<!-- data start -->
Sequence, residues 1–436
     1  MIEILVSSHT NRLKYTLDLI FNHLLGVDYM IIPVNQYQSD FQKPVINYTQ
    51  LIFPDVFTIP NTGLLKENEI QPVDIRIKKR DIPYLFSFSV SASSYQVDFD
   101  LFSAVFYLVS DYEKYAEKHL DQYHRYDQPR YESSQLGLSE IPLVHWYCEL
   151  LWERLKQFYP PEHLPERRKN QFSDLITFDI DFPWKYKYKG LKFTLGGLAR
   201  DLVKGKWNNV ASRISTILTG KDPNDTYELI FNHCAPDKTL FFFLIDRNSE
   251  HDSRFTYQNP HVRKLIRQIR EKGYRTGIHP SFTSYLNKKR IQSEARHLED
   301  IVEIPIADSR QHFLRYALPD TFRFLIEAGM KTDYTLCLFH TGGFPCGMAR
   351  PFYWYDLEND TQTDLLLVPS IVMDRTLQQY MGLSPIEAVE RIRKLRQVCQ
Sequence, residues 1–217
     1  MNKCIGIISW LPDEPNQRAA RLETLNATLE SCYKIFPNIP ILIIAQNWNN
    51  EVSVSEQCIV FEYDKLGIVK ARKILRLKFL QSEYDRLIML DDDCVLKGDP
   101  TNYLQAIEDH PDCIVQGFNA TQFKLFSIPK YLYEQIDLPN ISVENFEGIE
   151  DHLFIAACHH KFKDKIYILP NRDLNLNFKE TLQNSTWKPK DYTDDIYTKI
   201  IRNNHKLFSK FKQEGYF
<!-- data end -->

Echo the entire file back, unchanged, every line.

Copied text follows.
Sequence, residues 1–436
     1  MIEILVSSHT NRLKYTLDLI FNHLLGVDYM IIPVNQYQSD FQKPVINYTQ
    51  LIFPDVFTIP NTGLLKENEI QPVDIRIKKR DIPYLFSFSV SASSYQVDFD
   101  LFSAVFYLVS DYEKYAEKHL DQYHRYDQPR YESSQLGLSE IPLVHWYCEL
   151  LWERLKQFYP PEHLPERRKN QFSDLITFDI DFPWKYKYKG LKFTLGGLAR
   201  DLVKGKWNNV ASRISTILTG KDPNDTYELI FNHCAPDKTL FFFLIDRNSE
   251  HDSRFTYQNP HVRKLIRQIR EKGYRTGIHP SFTSYLNKKR IQSEARHLED
   301  IVEIPIADSR QHFLRYALPD TFRFLIEAGM KTDYTLCLFH TGGFPCGMAR
   351  PFYWYDLEND TQTDLLLVPS IVMDRTLQQY MGLSPIEAVE RIRKLRQVCQ
Sequence, residues 1–217
     1  MNKCIGIISW LPDEPNQRAA RLETLNATLE SCYKIFPNIP ILIIAQNWNN
    51  EVSVSEQCIV FEYDKLGIVK ARKILRLKFL QSEYDRLIML DDDCVLKGDP
   101  TNYLQAIEDH PDCIVQGFNA TQFKLFSIPK YLYEQIDLPN ISVENFEGIE
   151  DHLFIAACHH KFKDKIYILP NRDLNLNFKE TLQNSTWKPK DYTDDIYTKI
   201  IRNNHKLFSK FKQEGYF